interviewer said "Good Luck", bad sign?

Had my first round interview for an investment position. At the end, the interviewer said: " It was a pleasure talking to you, good luck on your rest of the process." when I heard "Good luck", my hearted sank a little and assumed that's a bad sign. Or am I overthinking?

Comments (26)

Dec 5, 2017 - 2:13pm

Probably because he is passing you to the next part which is with another person.

"Fugazi, Fugazy. It’s a wazi. It’s a woozy.”
Dec 5, 2017 - 4:53pm


Had my first round interview for an investment position. At the end, the interviewer said: " It was a pleasure talking to you, good luck on your rest of the process." when I heard "Good luck", my hearted sank a little and assumed that's a bad sign. Or am I overthinking?

Ah yes, I have heard of this ancient phrase before.

The Egyptians used to use a symbol of this in hieroglyphics. It was usually the image of a man with a creature head walking into danger (usually fire). This phrase began as a symbol of hope in insurmountable danger.

So basically, if you're lucky, you'll make it through the flames.

Good luck.

"If you always put limits on everything you do, physical or anything else, it will spread into your work and into your life. There are no limits. There are only plateaus, and you must not stay there, you must go beyond them." - Bruce Lee

Dec 5, 2017 - 4:55pm

good luck? (Originally Posted: 02/20/2010)

Usually, when your interviewer says good luck or ends the reply to your thank you email with good luck, is it them saying you did not get the job/internship?

Would love to hear thoughts of people on this forum who have experienced this? (I will actually learn Monday if my hupothesis is right.)

Dec 5, 2017 - 5:03pm

You guys don't know. Once you are on the other side of the interview table you will realize how disorganized and generally messed up most firms are at interviewing and hiring. It's a bitch job, nobody likes it, and it's a pain in the ass.

Point is, comments, positive or negative, rarely have a lot of predictive power. People say good luck because it's a way to wrap it up and there's not much else to say.

Dec 5, 2017 - 5:04pm

As someone who has been on both sides of the interview process I can attest that it is disorganized and oftentimes the decision of whether to hire someone or not is arbitrary.

Note: The story below is for a boutique bank with no real HR department hiring an intern. Things are obviously different at a bank where HR runs the process or for full-time hires. This story is only to highlight how random hiring can be. Obviously it is NOT reflective of how hiring works at all banks.

At the firm I had an internship with (this was a boutique, so at a bb things might be more structured) they were looking for someone to replace me when I had left. The firm went through a round of hiring with only one analyst doing the initial phone screens. He received about 20 resumes in two days and started phoning people on day 1. The screens all consist of the same types of questions and whether the interviewee was a disaster or a surefire superday invite didn't really matter since the analyst just wanted to get it over with so he could get back to real work. However some kids were so bad that right after the analyst hung up the phone he would go "that was a disaster" and then never follow-up with the candidate again until the person followed-up.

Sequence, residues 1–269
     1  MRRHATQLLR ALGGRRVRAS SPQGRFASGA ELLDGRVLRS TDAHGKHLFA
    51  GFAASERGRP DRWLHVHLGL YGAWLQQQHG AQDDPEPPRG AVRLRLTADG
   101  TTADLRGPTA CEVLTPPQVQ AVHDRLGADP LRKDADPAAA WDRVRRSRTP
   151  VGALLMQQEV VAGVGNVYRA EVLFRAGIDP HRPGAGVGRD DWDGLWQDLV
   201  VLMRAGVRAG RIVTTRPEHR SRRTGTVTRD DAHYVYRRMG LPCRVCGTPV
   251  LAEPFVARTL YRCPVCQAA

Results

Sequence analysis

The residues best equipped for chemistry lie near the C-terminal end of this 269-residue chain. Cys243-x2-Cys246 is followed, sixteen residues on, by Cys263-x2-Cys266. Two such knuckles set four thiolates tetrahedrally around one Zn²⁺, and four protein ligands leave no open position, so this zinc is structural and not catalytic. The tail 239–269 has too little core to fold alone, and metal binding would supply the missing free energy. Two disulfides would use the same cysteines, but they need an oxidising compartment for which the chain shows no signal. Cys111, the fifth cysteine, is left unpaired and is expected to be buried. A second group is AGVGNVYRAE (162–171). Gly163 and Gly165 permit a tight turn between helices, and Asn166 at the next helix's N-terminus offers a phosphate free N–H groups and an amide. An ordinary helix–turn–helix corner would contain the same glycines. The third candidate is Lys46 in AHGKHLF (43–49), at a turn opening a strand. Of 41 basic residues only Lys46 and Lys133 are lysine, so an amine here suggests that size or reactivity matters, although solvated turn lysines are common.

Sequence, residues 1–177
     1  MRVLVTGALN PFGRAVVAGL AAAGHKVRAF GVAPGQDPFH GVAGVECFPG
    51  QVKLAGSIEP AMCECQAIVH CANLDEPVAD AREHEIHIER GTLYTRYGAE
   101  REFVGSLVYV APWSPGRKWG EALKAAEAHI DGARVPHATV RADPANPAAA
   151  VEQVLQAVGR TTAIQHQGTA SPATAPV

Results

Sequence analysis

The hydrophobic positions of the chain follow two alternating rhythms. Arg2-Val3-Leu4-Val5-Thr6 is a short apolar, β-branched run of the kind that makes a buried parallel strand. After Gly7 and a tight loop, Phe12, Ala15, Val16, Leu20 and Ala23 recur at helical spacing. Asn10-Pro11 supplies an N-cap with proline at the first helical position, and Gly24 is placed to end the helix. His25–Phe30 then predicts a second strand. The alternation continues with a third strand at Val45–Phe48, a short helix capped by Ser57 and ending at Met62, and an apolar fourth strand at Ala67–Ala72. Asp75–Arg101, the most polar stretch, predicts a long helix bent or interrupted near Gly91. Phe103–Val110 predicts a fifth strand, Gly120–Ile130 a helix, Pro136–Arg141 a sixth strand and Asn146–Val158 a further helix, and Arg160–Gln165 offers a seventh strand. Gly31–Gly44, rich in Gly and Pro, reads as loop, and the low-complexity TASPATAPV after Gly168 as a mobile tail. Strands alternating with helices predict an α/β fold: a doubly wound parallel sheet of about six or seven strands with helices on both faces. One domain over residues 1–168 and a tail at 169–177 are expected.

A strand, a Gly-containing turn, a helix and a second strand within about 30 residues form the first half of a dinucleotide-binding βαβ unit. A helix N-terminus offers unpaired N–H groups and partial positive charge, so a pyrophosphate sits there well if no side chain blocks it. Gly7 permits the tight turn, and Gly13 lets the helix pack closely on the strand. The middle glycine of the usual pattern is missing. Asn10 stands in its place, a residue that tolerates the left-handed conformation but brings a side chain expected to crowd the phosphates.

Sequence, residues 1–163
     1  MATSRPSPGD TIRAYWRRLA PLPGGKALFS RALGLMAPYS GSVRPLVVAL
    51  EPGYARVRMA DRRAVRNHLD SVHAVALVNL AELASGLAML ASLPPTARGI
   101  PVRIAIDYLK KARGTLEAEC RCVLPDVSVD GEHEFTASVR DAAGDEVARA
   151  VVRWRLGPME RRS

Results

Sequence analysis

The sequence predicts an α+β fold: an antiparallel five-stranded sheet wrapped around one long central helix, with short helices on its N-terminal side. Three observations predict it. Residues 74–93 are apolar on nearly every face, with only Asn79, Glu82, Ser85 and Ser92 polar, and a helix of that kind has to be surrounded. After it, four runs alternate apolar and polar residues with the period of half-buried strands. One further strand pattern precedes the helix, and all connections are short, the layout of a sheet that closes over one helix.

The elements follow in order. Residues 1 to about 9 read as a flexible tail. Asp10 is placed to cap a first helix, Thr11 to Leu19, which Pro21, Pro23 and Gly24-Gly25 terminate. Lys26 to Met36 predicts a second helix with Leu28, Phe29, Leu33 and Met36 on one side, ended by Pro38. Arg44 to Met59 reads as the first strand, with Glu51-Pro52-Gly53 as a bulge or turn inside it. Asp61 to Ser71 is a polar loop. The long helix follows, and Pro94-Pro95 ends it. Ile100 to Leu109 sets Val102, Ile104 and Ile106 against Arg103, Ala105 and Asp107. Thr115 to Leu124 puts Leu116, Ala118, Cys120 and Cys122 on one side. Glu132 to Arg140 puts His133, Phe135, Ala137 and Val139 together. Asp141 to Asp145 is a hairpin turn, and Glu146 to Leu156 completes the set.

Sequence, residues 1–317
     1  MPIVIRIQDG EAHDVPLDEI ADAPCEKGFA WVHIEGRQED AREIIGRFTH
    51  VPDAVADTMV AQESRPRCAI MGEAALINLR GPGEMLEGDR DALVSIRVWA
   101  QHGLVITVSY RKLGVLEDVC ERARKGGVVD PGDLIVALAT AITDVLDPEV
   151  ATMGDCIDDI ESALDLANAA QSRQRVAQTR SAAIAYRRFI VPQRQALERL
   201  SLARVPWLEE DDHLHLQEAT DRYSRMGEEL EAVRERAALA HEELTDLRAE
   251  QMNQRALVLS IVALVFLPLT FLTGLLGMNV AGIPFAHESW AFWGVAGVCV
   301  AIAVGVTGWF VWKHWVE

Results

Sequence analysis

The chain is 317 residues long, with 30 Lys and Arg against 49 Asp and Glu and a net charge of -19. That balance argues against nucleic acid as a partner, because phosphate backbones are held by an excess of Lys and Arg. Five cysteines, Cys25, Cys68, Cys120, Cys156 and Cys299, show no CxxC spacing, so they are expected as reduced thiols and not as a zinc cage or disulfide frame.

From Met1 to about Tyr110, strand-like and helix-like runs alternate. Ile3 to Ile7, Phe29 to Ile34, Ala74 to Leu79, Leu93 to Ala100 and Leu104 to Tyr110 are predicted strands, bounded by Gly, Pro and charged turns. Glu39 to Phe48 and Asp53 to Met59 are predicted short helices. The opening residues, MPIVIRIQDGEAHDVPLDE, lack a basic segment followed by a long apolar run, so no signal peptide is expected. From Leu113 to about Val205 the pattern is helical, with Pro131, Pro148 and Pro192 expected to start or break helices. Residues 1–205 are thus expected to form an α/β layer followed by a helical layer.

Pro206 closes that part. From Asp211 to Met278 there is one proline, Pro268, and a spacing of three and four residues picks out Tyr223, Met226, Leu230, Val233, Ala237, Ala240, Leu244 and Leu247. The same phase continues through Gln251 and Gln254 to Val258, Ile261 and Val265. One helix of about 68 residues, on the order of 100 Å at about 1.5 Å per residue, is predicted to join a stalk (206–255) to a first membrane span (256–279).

From those twenty they brought in 3 people for a final round. I wasn't in the interview room so I can't tell you how the people did, but based on what the analyst told me "they were all kind of the same to be honest."

How did they decide who got the offer? We were having drinks after work, and the MD goes "have we picked someone to replace cik11 yet?" The analyst goes "Uh, not yet, what did you think about Candidate Y, Associate #1?" Associate #1 responds "I kind of liked him, lets give him an offer."

And that was that. There was no real "grading" process or logic that went on in this process, especially at a smaller bank that doesn't have a formal HR department. Recruiting is the last thing the entire bank wanted to deal with because recruiting doesn't generate revenue and higher bonuses. Oftentimes the answers from the candidates--especially at a final round--all sound the same that it just comes down to who was more memorable and didn't screw things up.

With that said, I've been through processes where people used a sheet and would grade the candidates and the offer would go to the person who had the most points at the end of the process. YMMV.

Dec 5, 2017 - 5:08pm

Best of luck with remaining interviews=rejection?? (Originally Posted: 05/28/2014)

So I just got this reply from "thank you" email sent to interviewer, she did mention during our interview that I had great background and should have received lots of other interviews, but does this mean I should move forward on the other interviews?

Thanks, this is really my dream one though.

Dec 5, 2017 - 5:13pm

I remember having the same bad habit of reading too much into response emails during recruiting. I understand it can be very stressful when you have those replies in your inbox and are simply waiting for the phone call.

From personal experience, any time a senior guy replies to the email wishing you luck with interviews or the "process" it most likely means no offer. The same is true if they reply with something along the lines of thanking you for "taking the time" to come in and speak with the team or some short message like "It was nice meeting you too." This may not be 100% accurate for all cases since this is coming from my own recruiting experiences and with those of some close friends.

Dec 5, 2017 - 5:15pm

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